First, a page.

One of the key new features of the Apple Watch Series 2 is an improved water resistance rating of up to 50 meters under ISO standard 22810:2010, which by definition means the watch can be used for shallow-water activities such as swimming in a pool or ocean, white water rafting, and fishing without risking water damage.

apple-watch-2-water-resistance
These activities are in addition to the previous IPX7 splash resistance that allows for the Apple Watch, including first-generation models, to be worn while washing your hands or jogging in the rain. Many original Apple Watch owners also routinely shower and swim with the device, although Apple never officially recommended such activities.


However, while the Apple Watch Series 2 has improved water and dust resistance, fine print on Apple's website says the device should not be used while scuba diving, waterskiing, or other activities involving high-velocity water or submersion below shallow depth, presumably including jet skiing and deep water snorkeling.

Apple Watch Series 2 has a water resistance rating of 50 meters under ISO standard 22810:2010. This means that it may be used for shallow-water activities like swimming in a pool or ocean. However, Apple Watch Series 2 should not be used for scuba diving, waterskiing, or other activities involving high-velocity water or submersion below shallow depth.

Apple Watch Series 2 models are priced from $369 and will be available starting Friday, September 16 in the U.S. and select other launch countries.

Related Roundup: Apple Watch Series 9
Buyer's Guide: Apple Watch (Neutral)

Top Rated Comments

Debauch Avatar
98 months ago
50 meters = 164 feet. How is that shallow and who is snorkeling deeper than 50 meters?
Score: 8 Votes (Like | Disagree)
hortod1 Avatar
98 months ago
Underwater snorkeling? I didn't realize there was more than one way to do it
Score: 6 Votes (Like | Disagree)
CarlJ Avatar
98 months ago
So how does it work?
Meter ratings for water resistance are a simplification (from atmospheres), they mean that the watch (or other device) can withstand pressure equivalent to being/sitting in water that deep. If you gently, gradually lowered it down in water to that depth, it'd probably be fine. But as soon as you start waving your arm around, you're actually increasing the pressure on the watch significantly. So if you swim at 50 meters, the watch dies. Thus, "50M water resistance" doesn't actually mean you should dive to 50 meters with it (thats why they make 100M, 200M, and 300M watches - they don't expect many divers are going nearly 1,000ft down, but they're useful at much shallower depths). This also ties into why they don't recommend water skiing - when you fall off, you don't go very deep, but you can slam into the water pretty hard, generating rather astonishing amounts of water pressure.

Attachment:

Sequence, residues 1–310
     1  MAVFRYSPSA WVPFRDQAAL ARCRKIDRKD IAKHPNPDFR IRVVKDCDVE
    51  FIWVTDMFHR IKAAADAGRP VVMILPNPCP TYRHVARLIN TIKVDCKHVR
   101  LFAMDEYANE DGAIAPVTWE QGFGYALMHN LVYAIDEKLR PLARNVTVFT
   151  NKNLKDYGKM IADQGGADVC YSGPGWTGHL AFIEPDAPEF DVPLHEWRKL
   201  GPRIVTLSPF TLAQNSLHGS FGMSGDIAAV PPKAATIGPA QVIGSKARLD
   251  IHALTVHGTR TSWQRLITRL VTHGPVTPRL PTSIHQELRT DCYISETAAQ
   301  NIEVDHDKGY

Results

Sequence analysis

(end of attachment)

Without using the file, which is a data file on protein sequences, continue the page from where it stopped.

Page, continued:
In other news, a "2x4" isn't actually 2 inches by 4 inches.
Score: 5 Votes (Like | Disagree)
Nevaborn Avatar
98 months ago
The Watch is rated to IPX7 I believe that only covers temporary submersion up to max depth of 1M. Scuba diving exceeds that.

Waterskiing... fine in itself but when you go flying across the water like a rag doll it is the equivalent as smashing against the pavement. Why would you do that to your watch ?

This is not so much a shocking revelation as common sense.
[doublepost=1473287485][/doublepost]
But surfing is OK!?

That doesn't really make sense ... I'll pit a double overhead wipeout against falling off a wakeboard any day ...
You come off a board at lower velocity so it is no different than a dive in to a pool really as for as the stresses on the device are concerned.
Score: 3 Votes (Like | Disagree)
Loge Avatar
98 months ago
50 meters = 164 feet. How is that shallow and who is snorkeling deeper than 50 meters?
This guy -

https://en.wikipedia.org/wiki/Herbert_Nitsch
Score: 2 Votes (Like | Disagree)
djcerla Avatar
98 months ago
Waterskied all summer with Watch 1.
Score: 2 Votes (Like | Disagree)

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